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VA accused of bad pain-management practices

VA accused of bad pain-management practices

In an emotional, sometimes tearful hearing before members of Congress Thursday,  widows of veterans and others blamed the Department of Veterans Affairs' Veterans Health Administration for improperly treating chronic pain, occasionally with fatal results.

In addition to the two widows, lawmakers heard from two veterans who describe themselves as victims of VA medical malpractice and former VA doctors who reported instances of personal abuse, alteration of medical records by VA staff, “bullying” of well-meaning physicians and other offenses. One witness characterized some practitioners of VA medicine as favoring “quick and cheap over good and thorough.”

“No one who watched today’s testimony could help but be moved and profoundly angered,” said Daniel M. Dellinger, national commander of The American Legion, which submitted written testimony for the hearing. “If there is even a modicum of truth in the accusations leveled today, VA has much to explain. Whether these problems are contained within certain facilities or wider in scope, they are inexcusable and must be corrected.”

The Thursday morning hearing before the House Committee on Veterans Affairs' Subcommittee on Health Care was titled “Between Peril and Promise: Facing the Dangers of VA’s Skyrocketing Use of Prescription Painkillers to Treat Veterans.” It opened with an emotional statement by Heather McDonald, widow of Army Spec. Scott McDonald, who she found dead in their home, she explained, after a deadly cocktail of painkillers and psychotropic drugs prescribed by VA to help McDonald cope with severe, chronic physical and emotional wounds related to combat.

A fellow service widow and 21-year Air Force veteran, Kimberly Green, told how her Army veteran husband, Ricky, died as the result “mixed-drug intoxication… because of the prescription pain and sleeping medications that the VA and its doctors prescribed for him and dispensed for him out of the VA pharmacy.”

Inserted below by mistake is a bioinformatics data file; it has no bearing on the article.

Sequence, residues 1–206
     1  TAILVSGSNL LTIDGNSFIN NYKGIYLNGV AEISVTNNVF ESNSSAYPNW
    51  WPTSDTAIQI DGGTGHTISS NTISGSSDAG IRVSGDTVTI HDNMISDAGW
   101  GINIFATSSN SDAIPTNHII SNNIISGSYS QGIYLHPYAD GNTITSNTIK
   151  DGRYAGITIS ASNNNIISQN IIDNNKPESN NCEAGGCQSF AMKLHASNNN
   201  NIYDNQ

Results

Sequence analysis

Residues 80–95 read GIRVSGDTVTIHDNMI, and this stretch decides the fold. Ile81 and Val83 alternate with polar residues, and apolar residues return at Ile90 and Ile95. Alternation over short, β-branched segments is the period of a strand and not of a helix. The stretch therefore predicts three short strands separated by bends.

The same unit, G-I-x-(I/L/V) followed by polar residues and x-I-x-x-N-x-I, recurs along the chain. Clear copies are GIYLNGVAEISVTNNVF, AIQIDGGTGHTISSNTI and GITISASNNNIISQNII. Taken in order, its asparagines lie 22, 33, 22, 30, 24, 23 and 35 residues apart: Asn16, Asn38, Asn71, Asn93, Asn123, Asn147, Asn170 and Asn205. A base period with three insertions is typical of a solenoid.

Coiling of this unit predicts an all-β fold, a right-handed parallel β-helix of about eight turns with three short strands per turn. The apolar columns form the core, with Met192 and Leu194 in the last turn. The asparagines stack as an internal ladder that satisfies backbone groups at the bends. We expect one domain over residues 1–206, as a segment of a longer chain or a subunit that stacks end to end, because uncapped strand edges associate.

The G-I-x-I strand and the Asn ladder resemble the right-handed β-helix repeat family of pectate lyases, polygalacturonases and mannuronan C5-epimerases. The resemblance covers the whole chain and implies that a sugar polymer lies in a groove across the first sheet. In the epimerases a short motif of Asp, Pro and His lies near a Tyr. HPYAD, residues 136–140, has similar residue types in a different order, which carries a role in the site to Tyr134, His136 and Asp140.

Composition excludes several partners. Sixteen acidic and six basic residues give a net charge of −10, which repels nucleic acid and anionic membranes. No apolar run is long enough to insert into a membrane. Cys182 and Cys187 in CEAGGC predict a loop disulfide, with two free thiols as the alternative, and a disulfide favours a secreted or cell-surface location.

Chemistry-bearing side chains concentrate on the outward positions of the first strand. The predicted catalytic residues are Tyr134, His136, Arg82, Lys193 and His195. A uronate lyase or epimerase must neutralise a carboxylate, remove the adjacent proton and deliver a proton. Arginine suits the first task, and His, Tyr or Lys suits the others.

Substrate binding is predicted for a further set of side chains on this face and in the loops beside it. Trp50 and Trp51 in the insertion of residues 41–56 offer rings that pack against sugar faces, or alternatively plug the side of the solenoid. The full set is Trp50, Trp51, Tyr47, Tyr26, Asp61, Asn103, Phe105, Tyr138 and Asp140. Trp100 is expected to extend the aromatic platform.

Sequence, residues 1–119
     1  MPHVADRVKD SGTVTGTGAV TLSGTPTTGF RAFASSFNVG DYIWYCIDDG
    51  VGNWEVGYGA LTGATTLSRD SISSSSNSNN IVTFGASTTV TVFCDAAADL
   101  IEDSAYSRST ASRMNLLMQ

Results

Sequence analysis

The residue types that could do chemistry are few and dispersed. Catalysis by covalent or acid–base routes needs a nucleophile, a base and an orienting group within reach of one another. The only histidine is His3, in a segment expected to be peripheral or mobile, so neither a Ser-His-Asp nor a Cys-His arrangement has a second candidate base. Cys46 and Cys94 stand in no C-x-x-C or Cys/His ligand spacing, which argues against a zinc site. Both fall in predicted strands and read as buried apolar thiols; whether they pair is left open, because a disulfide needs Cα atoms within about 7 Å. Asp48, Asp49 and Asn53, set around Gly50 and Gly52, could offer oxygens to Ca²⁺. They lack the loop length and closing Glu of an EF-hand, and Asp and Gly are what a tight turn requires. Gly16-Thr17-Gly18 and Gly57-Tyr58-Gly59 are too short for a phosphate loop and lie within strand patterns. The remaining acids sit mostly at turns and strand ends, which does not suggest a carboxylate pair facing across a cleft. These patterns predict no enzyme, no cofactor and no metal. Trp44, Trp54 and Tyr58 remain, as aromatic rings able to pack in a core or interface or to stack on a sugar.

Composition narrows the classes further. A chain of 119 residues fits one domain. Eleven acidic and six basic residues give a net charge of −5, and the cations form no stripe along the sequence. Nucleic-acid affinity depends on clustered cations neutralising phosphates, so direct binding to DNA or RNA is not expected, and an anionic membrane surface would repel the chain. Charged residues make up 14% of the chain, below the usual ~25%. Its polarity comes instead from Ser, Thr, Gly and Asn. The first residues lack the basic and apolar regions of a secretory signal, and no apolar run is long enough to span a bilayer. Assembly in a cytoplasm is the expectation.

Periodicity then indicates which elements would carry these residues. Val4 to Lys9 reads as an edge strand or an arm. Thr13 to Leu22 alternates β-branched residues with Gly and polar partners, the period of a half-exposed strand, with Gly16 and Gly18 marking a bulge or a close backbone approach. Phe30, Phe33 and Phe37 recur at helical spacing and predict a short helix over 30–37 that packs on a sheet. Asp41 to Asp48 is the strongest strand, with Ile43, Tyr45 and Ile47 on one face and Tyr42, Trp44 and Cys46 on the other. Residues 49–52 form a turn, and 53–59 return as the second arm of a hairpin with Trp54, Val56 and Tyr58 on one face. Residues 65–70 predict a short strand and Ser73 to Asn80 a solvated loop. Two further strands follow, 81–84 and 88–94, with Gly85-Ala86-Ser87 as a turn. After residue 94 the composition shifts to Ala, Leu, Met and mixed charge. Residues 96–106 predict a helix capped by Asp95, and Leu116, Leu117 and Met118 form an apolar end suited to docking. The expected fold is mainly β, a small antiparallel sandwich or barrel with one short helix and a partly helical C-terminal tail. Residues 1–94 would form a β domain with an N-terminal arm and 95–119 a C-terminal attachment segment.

Both widows accused VA of uneven, sometimes-contradictory methods of pain treatment marked by frequent changes of doctors and an over-reliance on opiates – narcotics – while ignoring less dangerous, alternative medical methods.

Two former servicemembers then told of their own struggles with service-connected chronic pain and what they consider outmoded and harmful methods of pain treatment employed by at least some VA medical facilities.

VA offered rebuttal arguments, pointing to the complexity of the medical issues involved in pain management with its mix of severe and individualized physical and psychological factors. VA’s witnesses also told of VHA’s continuously evolving and increasingly effective program of chronic pain treatment with an emphasis on quality, safety and proper training of practitioners. VA offered no explanations about the cases cited in the hearing testimony. 

The three-hour session ended with agreements between VHA officials and members of Congress to follow up on the issue and track progress carefully.

In its written testimony submitted to the congressional subcommittee prior to the hearing, The American Legion noted that it has long been concerned about the negative aspects of exclusive, drug-based therapies for severe, chronic pain, and its related psychological and emotional effects. In 2010, Legion leadership commissioned an ad hoc committee to investigate existing and alternative methods of treating traumatic brain injury and post-traumatic stress disorder – conditions often accompanied by chronic physical pain. During the three-year study, the Legion committee held six meetings and met with leading authorities in VA and the Department of Defense (DoD), and interviewed a number of stricken veterans. As a result, the Legion launched a campaign favoring non-pharmacological treatment modalities for pain management, including the employment of “hyperbaric oxygen therapy, virtual reality therapy and other complementary and alternative medicines.”